Author Topic: Malt Conditioning  (Read 3618 times)

Offline yeastmaster

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Malt Conditioning
« on: December 07, 2009, 03:36:25 PM »
I just tried malt conditioning for the first time yesterday.  Wow, that was awesome.  Thanks going out to the Brau Kaiser for all the great info he's getting out there  :D


Online Kaiser

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Re: Malt Conditioning
« Reply #1 on: December 07, 2009, 06:27:24 PM »
That crush does look nice. You're welcome.

Offline greg_rosace

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Re: Malt Conditioning
« Reply #2 on: December 17, 2009, 06:01:41 AM »
What was the final result, how did this affect your efficiency?
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Offline yeastmaster

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Re: Malt Conditioning
« Reply #3 on: December 17, 2009, 06:19:14 AM »
I didn't calculate the efficiency on this one but the crush is just so aesthetically pleasing and easy to do that I plan to do it on all my brews from now on  ;D

Online Kaiser

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Re: Malt Conditioning
« Reply #4 on: December 17, 2009, 07:29:53 AM »
If you are looking to have this done automatically, give these folks a call: http://www.schmidt-seeger.com/en/products_processing2.html :D

Kai

Offline Thirsty_Monk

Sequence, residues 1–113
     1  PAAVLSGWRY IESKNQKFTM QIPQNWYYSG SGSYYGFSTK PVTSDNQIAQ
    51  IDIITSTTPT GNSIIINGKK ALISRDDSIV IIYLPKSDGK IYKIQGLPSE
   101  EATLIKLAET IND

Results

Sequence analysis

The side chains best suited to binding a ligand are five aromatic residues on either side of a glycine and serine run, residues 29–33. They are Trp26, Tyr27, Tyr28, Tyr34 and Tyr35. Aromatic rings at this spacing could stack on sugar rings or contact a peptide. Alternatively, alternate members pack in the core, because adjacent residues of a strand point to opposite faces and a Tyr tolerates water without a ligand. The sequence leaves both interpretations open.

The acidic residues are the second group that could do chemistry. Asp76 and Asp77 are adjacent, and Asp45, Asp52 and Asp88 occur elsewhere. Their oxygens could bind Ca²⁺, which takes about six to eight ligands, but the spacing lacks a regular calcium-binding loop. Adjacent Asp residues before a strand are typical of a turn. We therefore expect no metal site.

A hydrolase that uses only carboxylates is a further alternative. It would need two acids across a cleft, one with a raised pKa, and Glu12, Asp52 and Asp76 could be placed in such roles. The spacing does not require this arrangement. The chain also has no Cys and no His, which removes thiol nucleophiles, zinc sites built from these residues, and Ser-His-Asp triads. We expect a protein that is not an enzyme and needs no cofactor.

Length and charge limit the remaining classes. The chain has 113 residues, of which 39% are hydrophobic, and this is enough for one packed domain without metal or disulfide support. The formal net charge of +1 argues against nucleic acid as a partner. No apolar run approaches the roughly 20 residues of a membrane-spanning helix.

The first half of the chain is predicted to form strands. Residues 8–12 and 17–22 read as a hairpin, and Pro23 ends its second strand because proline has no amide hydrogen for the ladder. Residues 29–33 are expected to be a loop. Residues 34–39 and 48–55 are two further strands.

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Re: Malt Conditioning
« Reply #5 on: December 17, 2009, 08:20:55 AM »
What was the final result, how did this affect your efficiency?
I did malt conditioned on my last two brews.
I brewed the same beer and I did not do anything with my grain mill.
I got about 2 points better brewhouse efficiency.
Runoff is great.
I think it is well worth the extra prep time.
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Offline slimsparty

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Re: Malt Conditioning
« Reply #6 on: December 17, 2009, 10:19:11 AM »
I guess I have to look at that portion of Kai's site.  Because I am clueless as to what you guys are speaking of.

If Kai has any fault, it is that he has so much awesome info, if is more of a reference than a quick one time read.

Man it is awesome!

Danke Schone

Offline uthristy

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Re: Malt Conditioning
« Reply #7 on: December 21, 2009, 04:52:57 AM »

Yep I really like how my crush has been coming out after treating the grain with some water.

Offline uthristy

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Re: Malt Conditioning
« Reply #8 on: December 22, 2009, 07:28:14 AM »
This is 5.5kg of MO treated with 250ml of water, stir well &  let soak for 15min  before grinding. As you can see the husk is in great shape while I have plenty of well cracked grain(flour).




Offline yeastmaster

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Re: Malt Conditioning
« Reply #9 on: December 22, 2009, 07:55:07 AM »
This is 5.5kg of MO treated with 250ml of water, stir well &  let soak for 15min  before grinding. As you can see the husk is in great shape while I have plenty of well cracked grain(flour).





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Offline uthristy

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Re: Malt Conditioning